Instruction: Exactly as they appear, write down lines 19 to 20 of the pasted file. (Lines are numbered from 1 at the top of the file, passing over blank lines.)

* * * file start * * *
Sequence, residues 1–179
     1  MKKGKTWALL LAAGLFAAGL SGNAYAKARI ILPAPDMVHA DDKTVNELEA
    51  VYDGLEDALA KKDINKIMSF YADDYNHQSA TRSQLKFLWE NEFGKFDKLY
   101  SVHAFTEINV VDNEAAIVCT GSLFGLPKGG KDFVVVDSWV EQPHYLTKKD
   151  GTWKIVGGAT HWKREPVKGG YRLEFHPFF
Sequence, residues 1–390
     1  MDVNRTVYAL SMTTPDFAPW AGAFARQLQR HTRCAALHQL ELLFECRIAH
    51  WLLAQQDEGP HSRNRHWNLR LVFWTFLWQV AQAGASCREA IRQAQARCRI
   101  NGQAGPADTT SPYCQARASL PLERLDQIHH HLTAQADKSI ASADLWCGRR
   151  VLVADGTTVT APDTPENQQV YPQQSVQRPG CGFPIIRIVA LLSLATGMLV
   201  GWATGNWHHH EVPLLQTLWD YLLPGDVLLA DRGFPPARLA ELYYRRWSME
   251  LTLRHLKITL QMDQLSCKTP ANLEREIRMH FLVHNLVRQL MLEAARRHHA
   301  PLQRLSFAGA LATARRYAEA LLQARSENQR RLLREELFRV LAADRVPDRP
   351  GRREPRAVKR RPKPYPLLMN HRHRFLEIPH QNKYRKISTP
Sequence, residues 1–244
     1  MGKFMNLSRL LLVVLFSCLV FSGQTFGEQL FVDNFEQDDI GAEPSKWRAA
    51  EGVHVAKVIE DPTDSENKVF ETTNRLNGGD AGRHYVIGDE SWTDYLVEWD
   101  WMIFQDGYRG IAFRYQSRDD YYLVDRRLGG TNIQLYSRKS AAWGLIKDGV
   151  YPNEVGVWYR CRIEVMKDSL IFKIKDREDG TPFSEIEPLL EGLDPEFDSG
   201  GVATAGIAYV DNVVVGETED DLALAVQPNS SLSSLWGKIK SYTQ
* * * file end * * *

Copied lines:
   151  YPNEVGVWYR CRIEVMKDSL IFKIKDREDG TPFSEIEPLL EGLDPEFDSG
   201  GVATAGIAYV DNVVVGETED DLALAVQPNS SLSSLWGKIK SYTQ